A giant block of 421 apartments has been approved for Elephant and Castle, with zero on-site affordable housing.
Southwark Council’s planning committee voted six-to-two in favour of the two blocks, each made of three triangular towers between seven and 39 storeys tall.
Nicknamed the ‘Toblerone Towers’ by architects Skidmore, Owings & Merrill, the £744.7m buildings will replace Skipton House on the Elephant junction’s northern edge – currently used by the Department of Health.
In its application, the developer London & Regional Properties Ltd, said 216 of the 421 flats will be two-bedroom, with the rest mostly one-bedroom.
At the meeting on Tuesday, campaigners spoke out against council officers’ recommendation to approve, as it emerged that the only affordable housing will be built “off-site”.
London & Regional insist on having 80 affordable flats (20 percent of the overall development) built away from the proposed Toblerones. Salisbury Close, Manor Place and Braganza Street have been earmarked as potential sites.
Council planning policies state that large developments should provide 35 per cent ‘affordable’ housing, unless developers can reasonably claim this will reduce their profits and make a scheme unviable.
The developer set out its reasons in a viability scheme submitted to the council last week. It shows an expected profit level is £74.4m, with £16m set aside to build the 80 affordable flats elsewhere.
The development was recommended for approval by council planning officers, who had questioned the developer claim that its profit level (dependent on its office space lease from the Department of Health) could range between a deficit of £52.3m to a surplus of £16m. “By contrast,” the council’s report said, “consultants conclude the profit surplus will range from a deficit of £1.2m to a profit surplus of £67.1m.”
However, the developer will be asked to hand over half of any excess profits to the council, who will use the money to fund its own social housing projects. The developers has also been told the pay the council a £7.35m Community Infrastructure Levy, of which 25 per cent will be spent locally.
Jerry Flynn, of the 35% Campaign for affordable housing, said at the meeting: “We object that the applicant only provides 20 per cent affordable housing, fifteen per cent below the policy requirement of 35 per cent.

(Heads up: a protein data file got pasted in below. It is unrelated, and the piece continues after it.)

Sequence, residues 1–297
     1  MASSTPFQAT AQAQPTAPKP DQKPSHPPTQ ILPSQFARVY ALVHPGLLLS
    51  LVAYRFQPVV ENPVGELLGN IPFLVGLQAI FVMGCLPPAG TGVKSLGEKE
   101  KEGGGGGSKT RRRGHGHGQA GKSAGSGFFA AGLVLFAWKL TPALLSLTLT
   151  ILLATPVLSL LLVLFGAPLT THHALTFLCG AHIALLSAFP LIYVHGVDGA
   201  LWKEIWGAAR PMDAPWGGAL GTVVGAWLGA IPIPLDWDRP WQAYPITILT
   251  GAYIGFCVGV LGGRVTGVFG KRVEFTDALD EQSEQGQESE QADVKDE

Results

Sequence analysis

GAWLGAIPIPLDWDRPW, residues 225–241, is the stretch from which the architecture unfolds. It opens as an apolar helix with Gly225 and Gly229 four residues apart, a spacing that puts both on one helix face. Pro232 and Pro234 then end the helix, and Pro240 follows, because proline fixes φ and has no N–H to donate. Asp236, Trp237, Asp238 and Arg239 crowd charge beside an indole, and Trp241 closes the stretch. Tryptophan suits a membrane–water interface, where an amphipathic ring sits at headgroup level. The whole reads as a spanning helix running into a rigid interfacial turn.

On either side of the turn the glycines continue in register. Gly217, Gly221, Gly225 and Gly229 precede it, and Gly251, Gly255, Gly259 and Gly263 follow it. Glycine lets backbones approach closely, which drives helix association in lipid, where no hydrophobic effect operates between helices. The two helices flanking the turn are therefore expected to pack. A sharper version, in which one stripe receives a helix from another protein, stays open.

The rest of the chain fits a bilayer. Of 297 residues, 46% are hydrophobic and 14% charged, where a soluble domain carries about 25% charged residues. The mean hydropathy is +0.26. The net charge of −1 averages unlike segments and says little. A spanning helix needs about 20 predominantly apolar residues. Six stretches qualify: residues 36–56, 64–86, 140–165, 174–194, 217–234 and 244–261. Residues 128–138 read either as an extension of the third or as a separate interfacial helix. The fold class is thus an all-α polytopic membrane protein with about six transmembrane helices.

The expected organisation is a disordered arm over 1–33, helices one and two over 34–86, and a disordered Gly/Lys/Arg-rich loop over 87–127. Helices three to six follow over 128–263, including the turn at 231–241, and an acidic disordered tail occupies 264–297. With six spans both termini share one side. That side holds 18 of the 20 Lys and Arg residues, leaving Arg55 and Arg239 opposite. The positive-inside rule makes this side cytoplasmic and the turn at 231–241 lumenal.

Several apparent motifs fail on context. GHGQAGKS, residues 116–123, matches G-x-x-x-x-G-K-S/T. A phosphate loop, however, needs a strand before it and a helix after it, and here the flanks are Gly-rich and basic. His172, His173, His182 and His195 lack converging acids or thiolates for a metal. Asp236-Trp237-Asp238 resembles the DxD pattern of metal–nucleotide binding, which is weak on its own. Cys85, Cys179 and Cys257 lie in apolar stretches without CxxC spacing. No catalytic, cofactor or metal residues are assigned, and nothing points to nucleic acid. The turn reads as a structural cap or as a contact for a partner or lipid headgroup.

“The applicant is proposing to only fund affordable housing to the value of £16.88m. We can see no justification in settling for the low value.
“The Officer’s Report offers a Viability Review as a solution to these differences and states that the applicant will make financial payments for more affordable housing, should the viability improve.
“We do not believe this justifies accepting the low figure offered by the Applicant in the first instance.”
London & Regional will be made to sign a deal to honour these agreements by December 16. It was also decided that the developer will not be obliged to begin construction for five years. Failure to do either will give the council power to withdraw planning permission.
A spokesperson for London & Regional said: “We are extremely pleased to receive planning permission which will deliver over 3,000 jobs and fuel growth in Elephant & Castle.
“We are very excited that we will be presenting Elephant and Castle with its first free and publicly accessible roof garden and a new performing arts venue, which will include community outreach programmes.
“There will also be significant improvements to the public realm, with twice as many trees, more open space and improved links, such as the new ‘Skipton Street’ providing a new pedestrian route from Elephant Square to London South Bank University.
“In developing our proposals, we have liaised with and listened to many local residents and community groups. There has been strong support for our plans and we look forward to continuing this dialogue.”
Councillor Mark Williams, cabinet member for regeneration and new homes, said: “The planned new development at Skipton House in Elephant and Castle will see an uninspiring office building replaced with more commercial space, a brand new cultural space, new housing and a beautiful, publicly accessible rooftop park. The benefits for the area are huge: job creation, increased business rates for the council to spend on services for local people, new homes onsite and much-needed social rent homes provided nearby, and payments from the developer for investment in the local area.
“The design also opens up the pedestrian route into Elephant and Castle with the recreation of Skipton Street. Although Southwark’s number one priority is delivering new affordable homes, homes alone don’t make a thriving area, and we want Elephant and Castle to function as a proper town centre and be a destination for work and leisure, as well as a great place to live.
“We would ideally like all new developments to achieve 35% affordable housing, and this is still possible with this development should profits exceed current estimates, but we should also recognise that it will bring many other benefits to the area.”
Demolition of the current site will also require the London South Bank University’s Perry Library to move, and a council-run homeless shelter in Keyworth Street to be relocated.